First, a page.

I just brought The Ethics Alarms Heroes’ Hall of Honor up to date. There are 44 men and women whose inspiring stories reside there, and I know who #45 will be: John Marshall “Jack” Slaton (December 25, 1866 – January 11, 1955),the 60th Governor of Georgia.
This won’t be the official entry for John Slaton; I want to do him justice, and the story of his moment of principle and sacrifice is not only complicated, but I am having a hard time settling the facts. The short version is this:
Mary Phagan, 13, an employee at Atlanta’s National Pencil Company where Leo Frank was the manager, died of strangulation on April 26, 1913. Her body was discovered in the factory’s cellar the next morning. Over the course of their investigation, Atlanta police arrested several men, including the night watchman Newt Lee, Frank, and Jim Conley, a janitor at the factory. Lee and Conley were black; Frank was Jewish. Though this was the height of Jim Crow in the South, prejudice against Jews was as strong in Atlanta as racism.
On May 24, 1913, Frank was indicted on a charge of murder and the case was tried at Fulton County Superior Court beginning on July 28. The prosecution’s key witness was Conley, who described himself as an accomplice, assisting Frank in disposing the girl’s body. Frank’s defense lawyer argued that Conley was the real killer.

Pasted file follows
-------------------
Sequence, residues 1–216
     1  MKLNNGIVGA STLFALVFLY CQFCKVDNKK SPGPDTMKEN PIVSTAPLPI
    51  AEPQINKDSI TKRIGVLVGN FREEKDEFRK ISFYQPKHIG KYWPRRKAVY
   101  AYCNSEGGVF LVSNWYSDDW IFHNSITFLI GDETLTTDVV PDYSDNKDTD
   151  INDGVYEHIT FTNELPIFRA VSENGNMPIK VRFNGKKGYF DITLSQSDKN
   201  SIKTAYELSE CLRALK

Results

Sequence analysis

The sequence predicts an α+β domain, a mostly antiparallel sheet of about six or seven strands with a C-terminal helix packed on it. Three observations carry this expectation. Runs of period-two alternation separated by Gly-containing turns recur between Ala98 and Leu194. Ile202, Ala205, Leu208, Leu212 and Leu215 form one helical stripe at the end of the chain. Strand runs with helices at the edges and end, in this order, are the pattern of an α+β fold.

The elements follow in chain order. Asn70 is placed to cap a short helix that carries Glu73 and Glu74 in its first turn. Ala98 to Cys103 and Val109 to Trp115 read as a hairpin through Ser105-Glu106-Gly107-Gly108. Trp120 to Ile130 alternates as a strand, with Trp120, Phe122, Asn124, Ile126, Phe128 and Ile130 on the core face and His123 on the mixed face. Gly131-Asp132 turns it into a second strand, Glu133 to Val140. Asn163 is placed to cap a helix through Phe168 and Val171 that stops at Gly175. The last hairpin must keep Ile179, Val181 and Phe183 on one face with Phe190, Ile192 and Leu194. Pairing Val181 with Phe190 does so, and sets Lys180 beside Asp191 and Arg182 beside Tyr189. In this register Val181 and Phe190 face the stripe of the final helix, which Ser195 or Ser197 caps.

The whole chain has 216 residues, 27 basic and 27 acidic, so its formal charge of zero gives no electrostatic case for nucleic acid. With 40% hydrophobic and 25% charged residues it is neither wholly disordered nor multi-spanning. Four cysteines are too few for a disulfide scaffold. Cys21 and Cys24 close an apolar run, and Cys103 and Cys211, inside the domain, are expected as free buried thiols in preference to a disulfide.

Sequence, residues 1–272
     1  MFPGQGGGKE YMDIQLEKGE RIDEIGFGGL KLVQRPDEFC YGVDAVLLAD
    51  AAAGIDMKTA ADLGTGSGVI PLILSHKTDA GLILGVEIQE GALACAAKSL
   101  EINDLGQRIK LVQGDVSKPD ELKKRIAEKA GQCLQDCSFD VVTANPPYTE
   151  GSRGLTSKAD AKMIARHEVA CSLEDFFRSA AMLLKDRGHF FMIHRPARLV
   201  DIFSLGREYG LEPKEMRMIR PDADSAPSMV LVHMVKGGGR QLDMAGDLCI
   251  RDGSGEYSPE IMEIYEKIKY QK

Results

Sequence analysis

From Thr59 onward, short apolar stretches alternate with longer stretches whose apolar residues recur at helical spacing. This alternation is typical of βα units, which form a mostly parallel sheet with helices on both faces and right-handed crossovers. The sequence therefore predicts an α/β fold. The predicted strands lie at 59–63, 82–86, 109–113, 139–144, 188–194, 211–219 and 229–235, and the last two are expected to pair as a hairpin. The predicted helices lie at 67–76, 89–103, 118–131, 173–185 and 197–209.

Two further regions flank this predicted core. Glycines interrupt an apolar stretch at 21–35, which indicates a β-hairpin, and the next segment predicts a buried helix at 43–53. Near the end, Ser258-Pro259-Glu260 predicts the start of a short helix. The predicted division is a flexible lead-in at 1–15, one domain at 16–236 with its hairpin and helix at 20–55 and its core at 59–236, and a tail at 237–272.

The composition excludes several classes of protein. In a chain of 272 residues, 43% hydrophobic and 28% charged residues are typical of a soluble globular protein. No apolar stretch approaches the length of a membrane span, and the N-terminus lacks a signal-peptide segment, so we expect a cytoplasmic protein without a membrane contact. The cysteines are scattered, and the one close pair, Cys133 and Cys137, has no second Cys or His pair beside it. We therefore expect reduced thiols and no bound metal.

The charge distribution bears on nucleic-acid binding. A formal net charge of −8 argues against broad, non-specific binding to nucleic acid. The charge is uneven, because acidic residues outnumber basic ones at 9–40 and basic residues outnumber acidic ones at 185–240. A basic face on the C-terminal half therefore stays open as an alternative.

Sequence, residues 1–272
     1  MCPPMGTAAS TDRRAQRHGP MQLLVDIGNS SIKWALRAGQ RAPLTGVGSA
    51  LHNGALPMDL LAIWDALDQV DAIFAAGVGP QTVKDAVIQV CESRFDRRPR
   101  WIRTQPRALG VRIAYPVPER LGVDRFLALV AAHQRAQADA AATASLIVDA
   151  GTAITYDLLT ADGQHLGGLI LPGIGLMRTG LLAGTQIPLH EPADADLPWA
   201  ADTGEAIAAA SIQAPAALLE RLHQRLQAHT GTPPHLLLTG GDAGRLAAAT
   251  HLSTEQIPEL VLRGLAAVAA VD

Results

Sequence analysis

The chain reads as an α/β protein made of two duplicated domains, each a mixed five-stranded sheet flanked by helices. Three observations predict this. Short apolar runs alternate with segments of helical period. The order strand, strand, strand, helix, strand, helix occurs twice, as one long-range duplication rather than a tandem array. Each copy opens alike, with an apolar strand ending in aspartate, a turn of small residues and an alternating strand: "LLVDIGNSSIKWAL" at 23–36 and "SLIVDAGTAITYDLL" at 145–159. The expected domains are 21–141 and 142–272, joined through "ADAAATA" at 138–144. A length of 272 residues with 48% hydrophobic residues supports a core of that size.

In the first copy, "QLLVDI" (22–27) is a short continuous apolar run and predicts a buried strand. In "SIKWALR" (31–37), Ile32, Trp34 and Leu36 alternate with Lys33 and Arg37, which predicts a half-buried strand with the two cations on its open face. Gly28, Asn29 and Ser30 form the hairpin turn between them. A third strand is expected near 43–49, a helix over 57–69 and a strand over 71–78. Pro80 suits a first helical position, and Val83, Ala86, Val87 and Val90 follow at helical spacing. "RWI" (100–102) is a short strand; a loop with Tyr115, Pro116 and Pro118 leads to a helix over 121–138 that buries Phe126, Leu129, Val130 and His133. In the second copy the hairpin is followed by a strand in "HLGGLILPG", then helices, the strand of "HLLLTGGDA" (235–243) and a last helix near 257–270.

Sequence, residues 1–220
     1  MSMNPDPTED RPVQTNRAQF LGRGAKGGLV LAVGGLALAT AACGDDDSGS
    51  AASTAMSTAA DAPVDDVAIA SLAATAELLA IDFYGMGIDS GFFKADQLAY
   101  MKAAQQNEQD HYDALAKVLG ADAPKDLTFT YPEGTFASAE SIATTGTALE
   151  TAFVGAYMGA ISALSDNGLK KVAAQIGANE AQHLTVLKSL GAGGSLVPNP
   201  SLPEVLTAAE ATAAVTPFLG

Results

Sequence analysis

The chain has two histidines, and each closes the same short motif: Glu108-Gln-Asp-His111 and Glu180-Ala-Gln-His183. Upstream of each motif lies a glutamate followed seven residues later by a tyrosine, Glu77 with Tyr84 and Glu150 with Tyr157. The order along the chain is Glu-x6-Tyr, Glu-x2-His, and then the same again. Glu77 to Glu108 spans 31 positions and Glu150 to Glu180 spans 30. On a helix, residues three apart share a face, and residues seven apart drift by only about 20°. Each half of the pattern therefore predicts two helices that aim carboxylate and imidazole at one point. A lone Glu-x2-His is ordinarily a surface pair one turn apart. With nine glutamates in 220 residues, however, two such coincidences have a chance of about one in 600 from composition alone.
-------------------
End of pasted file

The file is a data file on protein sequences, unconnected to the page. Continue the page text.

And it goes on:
The jury pronounced Leo Frank guilty verdict on August 25, 1913. Then followed a series of unsuccessful appeals, the last being before the U.S. Supreme Court, which rejected it in April of 1915. Georgia Governor John M. Slaton was a popular figure about to leave office, and considered a rising political star whose ascension to the U.S. Senate was likely, if not a forgone conclusion. It was assumed that he would quickly reject Frank’s request for a pardon, given the extensive appeals and the overwhelming public outrage regarding Mary Phagan’s murder.
Those assumptions were wrong. A trial lawyer before entering politics, the Governor reviewed the evidence, acquired some evidence that had not been presented at trial , and interviewed some of the witnesses, including Conley. who had changed his story several times. Slaton also heard arguments from both the prosecution and defense.
Although he knew, and had been warned, that taking any action favorable to Leo Frank would not only end his political career in Georgia but also place him and his wife in mortal peril, Slaton commuted Frank’s sentence from capital punishment to life imprisonment. In his official statement, he wrote,
I can endure misconstruction, abuse and condemnation, but I cannot stand the constant companionship of an accusing conscience, which would remind me in every thought that I, as a Governor of Georgia, failed to do what I thought to be right.